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J Steroid Biochem Mol Biol. 2010 Aug;121(3-5):528-37. doi: 10.1016/j.jsbmb.2009.12.008. Epub 2009 Dec 28.

Detection of the misuse of steroids in doping control.

Author information

1
Institute of Biochemistry, German Sport University Cologne, Am Sportpark Muengersdorf 6, 50933 Cologne, Germany. m.parr@biochem.dshs-koeln.de

Abstract

The list of prohibited substances of the World Anti-Doping Agency (WADA) classifies the administration of several steroids in sports as doping. Their analysis is generally performed using urine specimen as matrix. Lots of the steroids are extensively metabolised in the human body. Thus, knowledge of urinary excretion is extremely important for the sensitive detection of steroid misuse in doping control. The methods routinely used in steroid screening mainly focus on substances, that are excreted unconjugated or as glucuronides. Common procedures include deconjugation using a beta-glucuronidase enzyme. Following extraction and concentration the analytes are submitted to LC-MS(/MS) analysis and/or GC-MS(/MS) analyses. Besides the classical steroids, more and more products appear on the market for "dietary supplements" containing steroids that have never been marketed as approved drugs, mostly without proper labelling of the contents. To cover the whole range of potential products comprehensive screening tools have to be utilised in addition to the classical methods. Endogenous steroids, e.g. testosterone, represent a special group of compounds. As classical chemical methodology is incapable of discriminating synthetic hormones from the biosynthesised congeners, the method of steroid profiling is used for screening purpose. Additionally, based on isotope signatures a discrimination of synthetic and natural hormones can be achieved.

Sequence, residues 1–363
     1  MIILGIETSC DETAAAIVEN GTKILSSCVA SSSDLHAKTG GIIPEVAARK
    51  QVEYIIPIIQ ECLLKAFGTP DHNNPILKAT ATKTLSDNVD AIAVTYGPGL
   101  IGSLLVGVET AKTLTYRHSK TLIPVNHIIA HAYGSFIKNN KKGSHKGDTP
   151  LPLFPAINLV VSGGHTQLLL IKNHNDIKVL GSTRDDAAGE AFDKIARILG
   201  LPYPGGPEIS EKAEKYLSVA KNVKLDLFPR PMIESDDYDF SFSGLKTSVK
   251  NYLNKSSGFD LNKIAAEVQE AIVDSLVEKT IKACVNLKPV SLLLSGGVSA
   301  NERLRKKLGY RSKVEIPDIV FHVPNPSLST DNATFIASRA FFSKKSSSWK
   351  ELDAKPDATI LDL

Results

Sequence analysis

PMID:
20036329
DOI:
10.1016/j.jsbmb.2009.12.008
[Indexed for MEDLINE]

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